Depiction of Short-haul flying and sustainable connectivity

Short-haul flying and sustainable connectivity

The emergence of global targets to decarbonise have brought with them increased scrutiny of transport and of aviation in particular. One proposed means of reducing greenhouse gas emissions from transport is a modal shift from air to rail. This has been encouraged both through investment in rail infrastructure, and by bans and taxes on short-haul air journeys.

The European Regions Airline Association (ERA), Airports Council International Europe (ACI EUROPE), the AeroSpace and Defence Industries Association of Europe (ASD Europe), the Civil Air Navigation Services Organisation (CANSO), and Airlines for Europe (A4E) commissioned Oxera to assess the environmental impacts of air and rail and the factors that need to be taken into account when assessing the impacts of a modal shift from air to rail. While we focus on CO2 emissions, we also take account of non-CO2 impacts, such as effects on biodiversity and noise, and briefly consider social and economic factors.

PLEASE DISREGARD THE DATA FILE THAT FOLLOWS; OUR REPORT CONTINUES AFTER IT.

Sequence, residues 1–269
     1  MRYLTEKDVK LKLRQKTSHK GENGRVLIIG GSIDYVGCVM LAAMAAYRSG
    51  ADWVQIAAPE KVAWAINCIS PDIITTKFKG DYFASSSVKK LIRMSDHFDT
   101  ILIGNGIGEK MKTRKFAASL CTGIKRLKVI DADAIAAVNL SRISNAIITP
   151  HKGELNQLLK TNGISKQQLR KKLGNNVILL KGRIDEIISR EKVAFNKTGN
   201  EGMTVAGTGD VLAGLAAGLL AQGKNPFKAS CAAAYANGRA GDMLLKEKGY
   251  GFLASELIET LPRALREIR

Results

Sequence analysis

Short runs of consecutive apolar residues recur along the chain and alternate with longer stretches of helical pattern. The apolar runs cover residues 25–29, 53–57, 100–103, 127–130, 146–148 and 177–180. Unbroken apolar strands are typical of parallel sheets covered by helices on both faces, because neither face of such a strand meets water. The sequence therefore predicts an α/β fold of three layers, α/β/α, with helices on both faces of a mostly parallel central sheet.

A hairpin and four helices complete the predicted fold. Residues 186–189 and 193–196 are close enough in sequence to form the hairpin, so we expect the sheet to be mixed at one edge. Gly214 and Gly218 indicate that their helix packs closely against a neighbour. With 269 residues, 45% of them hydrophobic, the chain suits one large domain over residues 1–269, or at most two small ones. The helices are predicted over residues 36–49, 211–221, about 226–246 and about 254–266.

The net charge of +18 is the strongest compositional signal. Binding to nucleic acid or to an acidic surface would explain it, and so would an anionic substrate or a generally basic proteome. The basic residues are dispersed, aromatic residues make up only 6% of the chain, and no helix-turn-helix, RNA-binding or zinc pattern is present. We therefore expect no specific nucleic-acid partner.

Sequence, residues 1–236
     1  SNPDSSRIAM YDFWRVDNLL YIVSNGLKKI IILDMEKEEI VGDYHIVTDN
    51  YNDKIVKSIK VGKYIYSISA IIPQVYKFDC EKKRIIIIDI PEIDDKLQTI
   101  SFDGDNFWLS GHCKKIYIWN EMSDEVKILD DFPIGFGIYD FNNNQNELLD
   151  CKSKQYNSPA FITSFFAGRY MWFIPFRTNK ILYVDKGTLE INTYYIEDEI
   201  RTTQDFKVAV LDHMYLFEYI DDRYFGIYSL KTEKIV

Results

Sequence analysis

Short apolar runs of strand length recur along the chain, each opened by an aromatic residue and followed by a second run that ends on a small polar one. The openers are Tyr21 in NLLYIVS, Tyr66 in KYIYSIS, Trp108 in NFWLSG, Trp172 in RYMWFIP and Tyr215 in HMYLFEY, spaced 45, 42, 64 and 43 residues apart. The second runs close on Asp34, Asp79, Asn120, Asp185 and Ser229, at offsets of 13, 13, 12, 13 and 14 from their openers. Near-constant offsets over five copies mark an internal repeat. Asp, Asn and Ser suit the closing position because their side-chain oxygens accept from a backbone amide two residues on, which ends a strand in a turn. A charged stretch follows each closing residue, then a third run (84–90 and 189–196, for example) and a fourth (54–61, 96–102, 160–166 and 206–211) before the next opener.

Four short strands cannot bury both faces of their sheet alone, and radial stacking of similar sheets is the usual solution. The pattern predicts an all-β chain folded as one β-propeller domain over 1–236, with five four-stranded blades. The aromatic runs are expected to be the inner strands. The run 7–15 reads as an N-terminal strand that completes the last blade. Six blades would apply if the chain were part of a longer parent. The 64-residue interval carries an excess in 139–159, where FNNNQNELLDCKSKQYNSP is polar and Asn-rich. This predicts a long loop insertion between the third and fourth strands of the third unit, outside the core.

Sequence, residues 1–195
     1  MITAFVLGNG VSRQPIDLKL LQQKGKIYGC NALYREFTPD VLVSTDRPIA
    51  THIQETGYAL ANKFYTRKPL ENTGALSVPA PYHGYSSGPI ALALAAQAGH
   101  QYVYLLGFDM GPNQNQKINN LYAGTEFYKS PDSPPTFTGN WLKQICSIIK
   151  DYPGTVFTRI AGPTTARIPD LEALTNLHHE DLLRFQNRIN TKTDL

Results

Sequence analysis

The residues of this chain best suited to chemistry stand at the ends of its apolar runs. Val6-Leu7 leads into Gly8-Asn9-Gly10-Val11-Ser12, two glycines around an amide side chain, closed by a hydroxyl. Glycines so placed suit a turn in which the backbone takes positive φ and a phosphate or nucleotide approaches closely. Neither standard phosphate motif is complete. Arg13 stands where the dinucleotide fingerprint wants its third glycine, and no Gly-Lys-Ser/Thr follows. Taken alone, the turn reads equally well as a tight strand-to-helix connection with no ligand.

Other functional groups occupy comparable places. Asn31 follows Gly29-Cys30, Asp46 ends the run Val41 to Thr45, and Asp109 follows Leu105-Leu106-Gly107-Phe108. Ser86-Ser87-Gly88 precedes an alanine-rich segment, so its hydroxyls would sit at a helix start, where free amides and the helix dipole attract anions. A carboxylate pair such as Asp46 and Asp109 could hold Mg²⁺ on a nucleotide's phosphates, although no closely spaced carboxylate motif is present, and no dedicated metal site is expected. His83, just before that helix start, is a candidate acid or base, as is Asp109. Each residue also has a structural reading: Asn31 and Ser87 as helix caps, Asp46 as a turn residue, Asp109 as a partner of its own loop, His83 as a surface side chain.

A direct comparison of the current emissions of rail and air shows that rail has lower CO2 emissions per passenger than air travel. However, there are a number of factors that need to be taken into account in assessing the environmental impact of shifting passengers from air to rail. Firstly, the potential reduction in emissions that could be achieved depends on the nature of the flight ban. If flights of up to 500km are banned, as is being proposed in a number of European countries, there is a potential saving of around 3–5% of intra-EU emissions or 1–2% of EU aviation emissions, resulting in a reduction of less than 1% of EU transportation emissions overall.

However, if short-haul air travel is banned, some passengers may choose to travel by car instead, which could lead to higher CO2 emissions. In addition, there is unlikely to be sufficient rail capacity to accommodate all air passengers on a given route, which means that new rolling stock would need to be procured and new rail lines would need to be built. This would have significant environmental impacts, and the carbon payback period for such an investment needs to be considered alongside the timeline in which short-haul air travel is expected to decarbonise.